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Michael Twelftree, the proprietor and managing director of Two Hands Wines in Australia’s Barossa Valley, describes the experience of tasting a red wine this way: “The fruit is the engine and rail cars; the acidity is the rails; and the tannins are the brakes.”

When we sip many a red wine, its tannins draw the taste to a close with an astringent, palate-puckering sensation. It’s as if our tongue were sandpapered.

“Tannins don’t have flavor,” says Joel Aiken, winemaker for Amici Cellars in Calistoga and Aiken Wines in St. Helena. “They’re tactile.”

Tannins are phenols. In wine they come from the skins, seeds and stems of the grapes. That’s why they are more prevalent in red wines than whites; red wines receive their color from their grapes’ skins during fermentation.

(White wines have tannin, too, but it’s far less perceptible because the tannin level is so low.)

You’re familiar with tannins even if you’re not familiar with red wine. They make over-steeped tea bitter and astringent; they’re what scrunch up your tongue if you chew too long on a Popsicle stick or wooden toothpick. They make walnut skin, raw eggplant and green olives rough and drying in your mouth.

And they are absolutely crucial to grapes growing up successfully on the vine, and to wine being made and being appreciated, especially over time.

“Tannin, organically, is a deterrent to organisms (such as birds or animals) that would go after the fruit before it’s ripened in its time,” says Chris Carpenter, winemaker for La Jota Vineyard Co. in Napa. “But, from a structural angle, they’re the true backbone of the wine. As much or more, even, than the concentration of fruit, they give a wine weight, chewiness and texture. You don’t get that with any other beverage.”

Adds Aiken, “They add a lot more to a wine than just bitterness or astringency. They give the wine body.”

Tannin is also crucial to the aging of red wine. Because tannins are antioxidant, “they help preserve the fruit character of a wine over time,” says Carpenter.

Tannins begin life in red wine as short-chain molecules, but over time polymerize or plasticize into long-chain molecules. They’re like Tinkertoys; when young, a couple “spools,” one dowel between them. As they age, these same molecules are chemically attracted to and bind to each other so that, later, they are many “spools” held together by several dowels.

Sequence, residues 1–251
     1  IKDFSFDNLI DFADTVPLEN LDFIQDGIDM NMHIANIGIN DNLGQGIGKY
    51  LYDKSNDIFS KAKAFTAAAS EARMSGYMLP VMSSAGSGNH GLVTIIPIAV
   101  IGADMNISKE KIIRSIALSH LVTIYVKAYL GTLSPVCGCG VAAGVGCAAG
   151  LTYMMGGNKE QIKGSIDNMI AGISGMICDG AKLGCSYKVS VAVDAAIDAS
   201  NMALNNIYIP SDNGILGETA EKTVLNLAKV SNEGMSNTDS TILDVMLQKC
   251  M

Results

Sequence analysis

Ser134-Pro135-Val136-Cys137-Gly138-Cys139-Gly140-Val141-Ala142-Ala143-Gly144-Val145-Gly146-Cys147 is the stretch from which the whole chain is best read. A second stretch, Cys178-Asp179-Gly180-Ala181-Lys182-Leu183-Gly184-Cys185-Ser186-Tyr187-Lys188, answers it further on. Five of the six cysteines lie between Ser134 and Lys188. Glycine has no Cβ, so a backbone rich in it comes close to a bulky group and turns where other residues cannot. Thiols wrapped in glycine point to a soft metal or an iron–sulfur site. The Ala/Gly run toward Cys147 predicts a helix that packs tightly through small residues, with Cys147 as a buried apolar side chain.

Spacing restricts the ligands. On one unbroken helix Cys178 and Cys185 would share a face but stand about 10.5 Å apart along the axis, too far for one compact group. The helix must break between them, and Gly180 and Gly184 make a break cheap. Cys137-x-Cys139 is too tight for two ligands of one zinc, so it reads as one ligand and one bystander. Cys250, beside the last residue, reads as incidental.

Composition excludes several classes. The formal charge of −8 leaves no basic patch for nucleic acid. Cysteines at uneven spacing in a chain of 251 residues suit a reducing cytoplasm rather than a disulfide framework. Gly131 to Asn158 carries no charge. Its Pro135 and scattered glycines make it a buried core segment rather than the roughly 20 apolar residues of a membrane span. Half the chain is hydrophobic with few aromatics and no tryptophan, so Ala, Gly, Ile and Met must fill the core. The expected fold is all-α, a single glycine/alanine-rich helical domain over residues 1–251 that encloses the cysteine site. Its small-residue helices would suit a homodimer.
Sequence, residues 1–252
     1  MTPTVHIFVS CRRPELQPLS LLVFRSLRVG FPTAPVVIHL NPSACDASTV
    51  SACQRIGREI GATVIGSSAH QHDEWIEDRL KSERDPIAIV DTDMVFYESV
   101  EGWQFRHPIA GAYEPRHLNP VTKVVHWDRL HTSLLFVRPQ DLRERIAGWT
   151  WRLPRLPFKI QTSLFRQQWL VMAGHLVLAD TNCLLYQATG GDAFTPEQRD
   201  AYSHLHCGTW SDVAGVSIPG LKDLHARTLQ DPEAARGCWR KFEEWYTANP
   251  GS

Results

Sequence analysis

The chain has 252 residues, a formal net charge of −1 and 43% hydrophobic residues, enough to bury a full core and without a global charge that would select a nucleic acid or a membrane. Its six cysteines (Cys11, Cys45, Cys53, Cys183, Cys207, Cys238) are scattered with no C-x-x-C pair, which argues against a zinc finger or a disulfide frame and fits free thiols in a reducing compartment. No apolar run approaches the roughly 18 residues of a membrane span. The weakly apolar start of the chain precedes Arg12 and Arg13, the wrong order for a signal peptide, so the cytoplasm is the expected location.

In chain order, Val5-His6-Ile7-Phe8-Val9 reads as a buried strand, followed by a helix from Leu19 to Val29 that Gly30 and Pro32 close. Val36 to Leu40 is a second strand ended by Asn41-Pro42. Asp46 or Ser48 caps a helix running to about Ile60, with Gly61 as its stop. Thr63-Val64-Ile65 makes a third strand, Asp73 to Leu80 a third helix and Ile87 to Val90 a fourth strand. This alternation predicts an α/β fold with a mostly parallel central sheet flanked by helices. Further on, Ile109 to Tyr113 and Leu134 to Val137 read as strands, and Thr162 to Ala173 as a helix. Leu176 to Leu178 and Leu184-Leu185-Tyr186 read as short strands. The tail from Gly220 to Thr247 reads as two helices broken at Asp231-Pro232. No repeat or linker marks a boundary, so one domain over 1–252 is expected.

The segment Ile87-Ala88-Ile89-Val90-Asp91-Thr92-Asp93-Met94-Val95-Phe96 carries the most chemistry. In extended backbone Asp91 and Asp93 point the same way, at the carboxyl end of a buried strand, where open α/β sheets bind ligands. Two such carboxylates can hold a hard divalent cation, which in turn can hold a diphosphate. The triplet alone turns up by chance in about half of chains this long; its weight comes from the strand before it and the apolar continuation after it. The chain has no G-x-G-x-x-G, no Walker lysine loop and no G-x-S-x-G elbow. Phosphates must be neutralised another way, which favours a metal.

Short-chain tannin molecules are more tactilely aggressive than long-chain molecules. In a manner of thinking, the bigger molecules cannot “fit” into the places on your palate where you sense touch. Long-chain tannins simply glide over your palate, and the wine seems smoother, softer and richer than when it was young and its short-chain tannin molecules could easily, tactilely attack those same sensory locales.

When opening a bottle of red wine, anyone can speed along this process by aerating or decanting the wine a couple of hours before it’s served. “When you decant, you cause an early polymerization,” says Carpenter. “You are binding those tannins; the bigger they become, the less they can be perceived.”

Tannins play another key role at table. By their very nature, they react or interact with proteins and fats such as any eater finds in animal or fish meats, or in the oils and fats of foods.

Long ago, when people wanted to soften buffalo or other animal hides so that they could fashion leather-based moccasins, skirts, pants or housing material, they would tan the hides with tannin obtained from the bark of trees.

The tannin bound with the protein of the hide and altered it, softening it and making it malleable.

Without tanning, hides would have become a sort of leather plywood.

When you eat a piece of steak with a rind of fat on it, and sip a tannic cabernet sauvignon, the tannin binds with the blood protein and the fat and causes them to seem less fatty, as they in turn bind with the tannin to make it seems less astringent or bitter.

Not only meat eaters benefit from this interaction; it works with any fat or oil, vegetable-based or otherwise, and any other protein such as casein as found in cheese.

Bill St John has been writing and teaching about wine for more than 40 years. He is based in Denver.

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